Here's a speech I wrote for Kerry--not that he asked--when the primaries were still going on. Sent it to the usual suspects, NY Times, et al., as an op-ed, but no takers. It summarizes the content of liberalism as I understand it, but it doesn't address the question of why everyone except senators from Massachusetts wants to flee the label. For an answer to that vexed question, Irving Kristol, of all people, is the most helpful interlocutor--and I am not referring to his (in)famous remark defining conservatives as liberals mugged by reality. I'll explain next time with citations from his 1978 book, Two Cheers for Capitalism.
What John Kerry Should Say When Asked If He’s a Liberal
By James Livingston
In the last Democratic debate, John Kerry ducked the question when asked if he is a liberal. Here’s what he should say the next time he’s asked:
You know, the label of “liberal” doesn’t quite fit me in these strange times. Unlike George W. Bush, I’m profoundly conservative in several important respects. Unlike Bush, I don’t want to amend the Constitution for political purposes, I want to preserve and protect it. Unlike Bush, I don’t want to privatize Social Security, I want to sustain it. Unlike Bush, I don’t want to abolish the federal income tax--see the Economic Report of the President 2002—-I want to simplify it. And unlike Bush, I don’t want to repudiate the principles of 20th-century U.S. foreign policy, I want to reinvigorate them. He’s the radical on these issues, not me.
So I’ll accept the liberal label if you’ll let me explain what it means to me, and to those Americans who don’t take Rush Limbaugh’s word for it. I have four fundamental beliefs.
First, I believe in the founding principle of American politics—the sovereignty of the people, not the government, not the party. Like liberals since Adam Smith and James Madison, I believe in the supremacy of society over the state.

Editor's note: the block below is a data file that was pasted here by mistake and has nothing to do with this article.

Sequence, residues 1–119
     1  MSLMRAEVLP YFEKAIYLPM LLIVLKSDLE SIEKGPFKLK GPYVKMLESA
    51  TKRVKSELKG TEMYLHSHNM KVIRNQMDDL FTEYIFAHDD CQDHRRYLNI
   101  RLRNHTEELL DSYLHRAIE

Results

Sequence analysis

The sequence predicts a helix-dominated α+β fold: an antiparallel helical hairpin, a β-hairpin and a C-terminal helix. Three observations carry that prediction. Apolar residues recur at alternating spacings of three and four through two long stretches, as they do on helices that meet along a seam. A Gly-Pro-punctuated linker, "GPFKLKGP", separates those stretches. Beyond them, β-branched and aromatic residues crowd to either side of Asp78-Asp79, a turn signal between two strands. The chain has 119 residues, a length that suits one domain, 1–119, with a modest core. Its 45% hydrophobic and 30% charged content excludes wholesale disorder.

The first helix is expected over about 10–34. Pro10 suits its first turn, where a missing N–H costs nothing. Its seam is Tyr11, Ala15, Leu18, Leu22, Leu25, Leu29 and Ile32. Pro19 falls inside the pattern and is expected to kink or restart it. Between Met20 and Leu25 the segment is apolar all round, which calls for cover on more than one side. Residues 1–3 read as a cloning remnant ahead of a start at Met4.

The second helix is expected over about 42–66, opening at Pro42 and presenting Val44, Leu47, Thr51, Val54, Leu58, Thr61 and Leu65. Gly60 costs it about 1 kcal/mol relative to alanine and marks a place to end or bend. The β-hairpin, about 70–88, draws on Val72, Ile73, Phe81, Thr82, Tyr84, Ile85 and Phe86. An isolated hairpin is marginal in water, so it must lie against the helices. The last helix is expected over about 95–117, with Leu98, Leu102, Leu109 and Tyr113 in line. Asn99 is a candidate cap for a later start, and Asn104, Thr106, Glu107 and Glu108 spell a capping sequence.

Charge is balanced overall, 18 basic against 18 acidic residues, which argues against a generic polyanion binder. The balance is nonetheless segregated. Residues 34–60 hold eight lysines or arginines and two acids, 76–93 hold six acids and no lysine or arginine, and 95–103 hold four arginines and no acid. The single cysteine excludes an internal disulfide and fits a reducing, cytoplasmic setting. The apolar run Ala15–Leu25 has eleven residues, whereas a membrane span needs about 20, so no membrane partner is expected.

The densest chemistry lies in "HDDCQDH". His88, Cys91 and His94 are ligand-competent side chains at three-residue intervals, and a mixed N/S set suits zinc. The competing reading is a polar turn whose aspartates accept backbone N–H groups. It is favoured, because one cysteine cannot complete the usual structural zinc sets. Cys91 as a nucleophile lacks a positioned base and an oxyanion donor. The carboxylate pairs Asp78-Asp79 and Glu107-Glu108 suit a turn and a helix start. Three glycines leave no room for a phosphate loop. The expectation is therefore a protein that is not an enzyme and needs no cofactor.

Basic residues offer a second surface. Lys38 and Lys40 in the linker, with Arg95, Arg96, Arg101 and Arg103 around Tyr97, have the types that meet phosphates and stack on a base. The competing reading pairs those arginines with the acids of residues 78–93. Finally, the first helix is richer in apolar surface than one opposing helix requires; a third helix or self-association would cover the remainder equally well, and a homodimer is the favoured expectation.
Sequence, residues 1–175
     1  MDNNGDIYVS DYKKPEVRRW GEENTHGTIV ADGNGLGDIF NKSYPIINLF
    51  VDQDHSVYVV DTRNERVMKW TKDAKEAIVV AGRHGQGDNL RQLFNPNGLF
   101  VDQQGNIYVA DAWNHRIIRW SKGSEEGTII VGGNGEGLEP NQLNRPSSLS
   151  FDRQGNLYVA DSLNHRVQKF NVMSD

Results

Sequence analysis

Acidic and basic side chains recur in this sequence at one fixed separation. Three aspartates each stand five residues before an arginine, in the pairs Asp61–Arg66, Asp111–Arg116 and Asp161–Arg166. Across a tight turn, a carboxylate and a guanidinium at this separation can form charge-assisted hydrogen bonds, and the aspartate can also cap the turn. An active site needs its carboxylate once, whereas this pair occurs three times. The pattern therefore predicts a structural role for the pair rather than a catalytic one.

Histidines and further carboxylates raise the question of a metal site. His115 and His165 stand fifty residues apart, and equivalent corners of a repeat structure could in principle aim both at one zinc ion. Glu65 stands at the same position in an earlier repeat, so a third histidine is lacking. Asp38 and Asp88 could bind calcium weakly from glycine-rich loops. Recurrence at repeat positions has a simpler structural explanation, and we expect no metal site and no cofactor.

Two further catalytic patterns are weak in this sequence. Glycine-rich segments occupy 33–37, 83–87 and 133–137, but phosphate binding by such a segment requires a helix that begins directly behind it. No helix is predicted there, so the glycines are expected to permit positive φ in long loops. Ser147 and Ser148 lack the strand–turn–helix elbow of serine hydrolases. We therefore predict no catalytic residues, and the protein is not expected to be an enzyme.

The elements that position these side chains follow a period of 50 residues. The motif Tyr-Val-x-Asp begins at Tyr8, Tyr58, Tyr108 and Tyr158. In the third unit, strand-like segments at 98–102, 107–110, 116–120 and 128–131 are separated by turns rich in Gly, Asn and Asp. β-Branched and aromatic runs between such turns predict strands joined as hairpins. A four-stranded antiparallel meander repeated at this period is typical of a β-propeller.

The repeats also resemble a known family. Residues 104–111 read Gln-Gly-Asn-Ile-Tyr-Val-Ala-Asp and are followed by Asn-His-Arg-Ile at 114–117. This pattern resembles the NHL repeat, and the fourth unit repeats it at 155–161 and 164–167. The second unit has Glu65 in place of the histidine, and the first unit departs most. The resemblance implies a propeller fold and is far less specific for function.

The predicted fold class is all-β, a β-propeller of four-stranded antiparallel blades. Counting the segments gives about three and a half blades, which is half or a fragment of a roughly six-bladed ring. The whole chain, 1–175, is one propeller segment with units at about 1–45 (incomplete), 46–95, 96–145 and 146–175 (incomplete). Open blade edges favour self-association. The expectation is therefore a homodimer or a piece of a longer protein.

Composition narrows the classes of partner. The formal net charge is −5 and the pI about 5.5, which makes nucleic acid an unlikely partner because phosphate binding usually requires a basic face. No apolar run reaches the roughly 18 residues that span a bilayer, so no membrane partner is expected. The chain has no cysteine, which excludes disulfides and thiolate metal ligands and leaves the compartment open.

Second, I believe in individualism. I mean that our opportunities and identities should not be determined by the class or the race or the gender—or the country—we were born into. Those opportunities and identities should instead be the result of our talents, skills, and efforts. But some of us may need extra help in developing our skills, and joining the mainstream of American society, because in the past we’ve been excluded from certain places, jobs, and schools.
Third, I believe in pluralism. Democracy is not just a political system. Liberty and equality for everyone means that certain groups should be able to represent themselves in society, far from the halls of Congress, before and after the next election. For example, working people must be able to express their individual preferences through their votes, but they should also be able to represent their collective interests through their trade unions. So should every group that can plausibly assert a collective interest.
Fourth, I believe in reform. I believe in our ability to make progress, to foster economic growth and to meet social needs, by combining private initiative and public policy. Market forces and government power are not the terms of an either/or choice. They can and should be harnessed together for the common good.
Allow me to get historical. By my definition of liberalism, there are almost no “conservative” statesmen worth remembering from the 20th century—probably because as a people and a culture, we Americans are too restless to stand pat, too ambitious to settle for what the past has bequeathed us. From Herbert Hoover to Jimmy Carter, there’s not one certifiably “conservative” president. Hoover didn’t believe in “free markets” any more than FDR did, although both shared my commitment to balanced federal budgets. None of these presidents, from Hoover to Carter, embraced the “conservative” label because all of them were heirs to the Progressive tradition invented in the early 20th century by Teddy Roosevelt and Woodrow Wilson. And all of them, from Hoover to Carter, sought reform in the most liberal sense imaginable.
By my definition, even Ronald Reagan looks pretty liberal. In terms of rhetoric and policy, he’s closer to William Howard Taft, who feared what we call “big government,” than to Teddy Roosevelt, who wanted the state to closely supervise the market. But all three of these presidents could accept my liberal label. So could Reagan’s immediate successors, George H. W. Bush and Bill Clinton. And so could the overwhelming majority of Americans.
The exception to the rule of liberalism before, during, and after Reagan is George W. Bush. But he’s no more “conservative” than Tom DeLay is. This Bush is a radical—he wants to escape the past, and he’s got a plan.
I’m a liberal, and I’m more conservative than he is. Go figure.
James Livingston is Professor of History at Rutgers University. His most recent book is Pragmatism, Feminism, and Democracy: Rethinking the Politics of American History (Routledge, 2001). He is writing a book on American thought and culture at the end of the 20th century.